Welcome to Rough River Lake in central Kentucky!
*Photo taken from the shoreline on the North Fork of Rough River Lake.
Rough River Lake was designed and built by the Louisville District of the U. S. Army Corps of Engineers. The lake serves as a part of the overall plan to reduce flooding downstream from the dam, in the Ohio River basin.
The lake also provides water supply and serves to augment low-flow conditions downstream to preserve the quality of the water. In addition, the lake provides us with a wonderful resource for recreation, fishing, skiing, camping and wildlife habitat.
The lake was authorized by the Flood Control Act of 1938. Construction was initiated in November 1955 and the project became operational in June 1961.
Rough River Lake is very centrally located with the U. S. In fact, visitors often say it's "located within 500 miles of about 1/2 the US population!" Not sure if that is exactly true - but as these maps show - Louisville KY is very centrally located - and the lake is about 90 minutes south of Louisville!
Some trivia that you might not know about this area: Rough River Lake lies within the "Clifty" area of the Pennyroyal Region of Kentucky. The term "Pennyroyal" or "Pennyrile," used interchangeably, denotes an area exceeding 11,000 square miles. (The name derives from a plant of the mint family which grows profusely throughout the area.)
The Clifty area comprises the western edge of the Pennyroyal region. The beauty of this region was carved over thousands and thousands of years by streams running through alternating layers of sandstone, shale and limestone. These formed in shallow seas of the remote geologic past. These rock layers have been assigned by geologists to the Chester Series of Late Mississippian Geologic Age, a period estimated to have existed about 300,000,000 years ago.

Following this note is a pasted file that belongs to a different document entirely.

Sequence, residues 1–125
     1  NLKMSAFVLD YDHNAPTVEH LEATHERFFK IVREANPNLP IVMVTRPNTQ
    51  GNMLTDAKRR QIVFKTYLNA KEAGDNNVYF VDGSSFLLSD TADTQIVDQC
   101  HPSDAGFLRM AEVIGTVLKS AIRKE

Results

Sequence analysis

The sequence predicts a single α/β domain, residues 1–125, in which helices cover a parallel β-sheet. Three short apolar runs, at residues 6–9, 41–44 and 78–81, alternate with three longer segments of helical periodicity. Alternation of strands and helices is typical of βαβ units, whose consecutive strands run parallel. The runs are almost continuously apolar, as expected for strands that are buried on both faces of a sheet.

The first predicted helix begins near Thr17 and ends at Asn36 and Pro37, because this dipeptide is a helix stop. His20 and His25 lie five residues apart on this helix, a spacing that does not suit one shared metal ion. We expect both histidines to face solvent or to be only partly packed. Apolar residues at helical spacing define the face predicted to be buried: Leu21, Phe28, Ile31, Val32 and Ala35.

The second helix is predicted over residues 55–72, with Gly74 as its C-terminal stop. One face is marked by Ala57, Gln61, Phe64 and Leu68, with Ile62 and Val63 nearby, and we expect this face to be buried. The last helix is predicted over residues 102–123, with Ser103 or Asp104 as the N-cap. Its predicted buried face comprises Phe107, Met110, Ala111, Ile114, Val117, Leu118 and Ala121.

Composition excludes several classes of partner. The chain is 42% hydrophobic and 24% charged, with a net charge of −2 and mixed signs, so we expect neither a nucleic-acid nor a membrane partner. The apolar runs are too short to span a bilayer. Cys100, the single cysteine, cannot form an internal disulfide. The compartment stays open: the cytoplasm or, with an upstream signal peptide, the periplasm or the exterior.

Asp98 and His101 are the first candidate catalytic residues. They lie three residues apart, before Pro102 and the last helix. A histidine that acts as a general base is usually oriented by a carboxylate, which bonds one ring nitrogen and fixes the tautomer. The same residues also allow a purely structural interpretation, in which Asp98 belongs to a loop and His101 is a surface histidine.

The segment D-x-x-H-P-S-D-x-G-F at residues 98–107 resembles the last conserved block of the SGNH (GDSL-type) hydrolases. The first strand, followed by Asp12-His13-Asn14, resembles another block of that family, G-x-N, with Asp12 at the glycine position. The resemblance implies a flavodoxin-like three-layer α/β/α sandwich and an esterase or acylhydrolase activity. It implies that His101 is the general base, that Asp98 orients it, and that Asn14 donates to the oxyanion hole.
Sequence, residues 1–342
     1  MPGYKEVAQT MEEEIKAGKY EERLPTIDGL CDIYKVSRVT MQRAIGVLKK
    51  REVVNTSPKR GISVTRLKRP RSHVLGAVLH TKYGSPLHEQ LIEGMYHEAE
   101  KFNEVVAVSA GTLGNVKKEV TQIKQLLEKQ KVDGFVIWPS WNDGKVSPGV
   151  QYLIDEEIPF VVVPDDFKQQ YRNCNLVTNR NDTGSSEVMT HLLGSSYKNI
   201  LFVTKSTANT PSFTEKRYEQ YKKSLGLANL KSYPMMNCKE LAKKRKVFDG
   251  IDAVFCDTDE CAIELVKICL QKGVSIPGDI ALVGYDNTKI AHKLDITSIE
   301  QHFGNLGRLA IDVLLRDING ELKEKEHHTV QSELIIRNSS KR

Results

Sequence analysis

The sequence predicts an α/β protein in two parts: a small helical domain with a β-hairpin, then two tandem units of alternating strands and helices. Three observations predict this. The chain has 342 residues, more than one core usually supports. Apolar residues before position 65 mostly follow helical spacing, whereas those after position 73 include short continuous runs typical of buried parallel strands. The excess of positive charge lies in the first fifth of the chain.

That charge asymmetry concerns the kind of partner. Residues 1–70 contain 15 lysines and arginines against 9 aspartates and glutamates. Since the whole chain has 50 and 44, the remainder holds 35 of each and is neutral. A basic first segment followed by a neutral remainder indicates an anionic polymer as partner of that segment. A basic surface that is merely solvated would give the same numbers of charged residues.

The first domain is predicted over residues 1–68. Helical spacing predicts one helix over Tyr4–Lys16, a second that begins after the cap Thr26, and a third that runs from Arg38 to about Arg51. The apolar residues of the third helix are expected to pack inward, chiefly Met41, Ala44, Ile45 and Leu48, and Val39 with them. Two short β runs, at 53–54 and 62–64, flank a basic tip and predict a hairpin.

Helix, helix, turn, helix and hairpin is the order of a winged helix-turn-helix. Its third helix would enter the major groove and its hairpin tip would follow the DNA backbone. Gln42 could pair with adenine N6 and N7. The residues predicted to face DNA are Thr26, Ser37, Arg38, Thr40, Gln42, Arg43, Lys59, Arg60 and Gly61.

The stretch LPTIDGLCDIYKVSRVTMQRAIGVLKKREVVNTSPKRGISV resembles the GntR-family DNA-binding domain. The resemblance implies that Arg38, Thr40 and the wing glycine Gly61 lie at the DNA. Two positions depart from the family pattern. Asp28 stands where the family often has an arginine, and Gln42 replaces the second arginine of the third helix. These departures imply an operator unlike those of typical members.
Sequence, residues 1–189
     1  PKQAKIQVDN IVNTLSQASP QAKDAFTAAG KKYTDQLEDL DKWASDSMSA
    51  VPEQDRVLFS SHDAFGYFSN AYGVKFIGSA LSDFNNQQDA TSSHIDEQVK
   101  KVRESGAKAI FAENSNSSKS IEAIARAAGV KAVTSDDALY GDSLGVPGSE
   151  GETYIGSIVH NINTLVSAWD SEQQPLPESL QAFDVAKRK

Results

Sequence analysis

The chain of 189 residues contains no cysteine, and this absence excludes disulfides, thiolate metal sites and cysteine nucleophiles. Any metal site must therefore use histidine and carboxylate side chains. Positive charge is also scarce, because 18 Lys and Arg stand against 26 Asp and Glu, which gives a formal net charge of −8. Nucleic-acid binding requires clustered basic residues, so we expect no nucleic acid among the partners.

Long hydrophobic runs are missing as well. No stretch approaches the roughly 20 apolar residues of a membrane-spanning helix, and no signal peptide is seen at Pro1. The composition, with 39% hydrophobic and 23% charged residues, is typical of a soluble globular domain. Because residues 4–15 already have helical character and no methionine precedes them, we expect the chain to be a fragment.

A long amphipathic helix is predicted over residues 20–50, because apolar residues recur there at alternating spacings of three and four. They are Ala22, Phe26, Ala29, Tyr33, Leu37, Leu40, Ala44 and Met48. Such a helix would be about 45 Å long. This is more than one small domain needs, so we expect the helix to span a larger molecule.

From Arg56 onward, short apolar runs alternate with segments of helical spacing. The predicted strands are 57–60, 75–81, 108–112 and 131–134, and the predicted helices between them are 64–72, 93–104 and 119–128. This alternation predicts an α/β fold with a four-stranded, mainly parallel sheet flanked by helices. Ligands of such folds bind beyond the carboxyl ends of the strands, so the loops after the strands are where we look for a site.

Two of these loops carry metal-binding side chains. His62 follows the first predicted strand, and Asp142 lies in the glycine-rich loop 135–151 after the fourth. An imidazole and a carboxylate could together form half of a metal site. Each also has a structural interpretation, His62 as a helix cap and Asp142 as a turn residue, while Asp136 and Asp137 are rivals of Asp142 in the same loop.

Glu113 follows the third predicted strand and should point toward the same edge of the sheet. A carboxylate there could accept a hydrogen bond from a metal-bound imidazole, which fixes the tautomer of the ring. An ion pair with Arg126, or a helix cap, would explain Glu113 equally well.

The lake is bounded on the east by the Pennyroyal plain, a very extensive, nearly-flat topographic feature formed on very thick limestone beds. An abundance of water, both surface and underground, has caused solutioning in the limestone and as a result, created a myriad of sinks and caverns. The most important cavern in the area is Mammoth Cave, the largest cave in the world with over 240 miles of mapped passageways. The Pennyroyal plain, extending from northern Tennessee through Kentucky to central Indiana, is an outstanding example of "Karst" (sinkhole) topography and is the most widespread topographic feature of this type in the United States.
Some info excerpts from the U.S. Army Corps of Engineers
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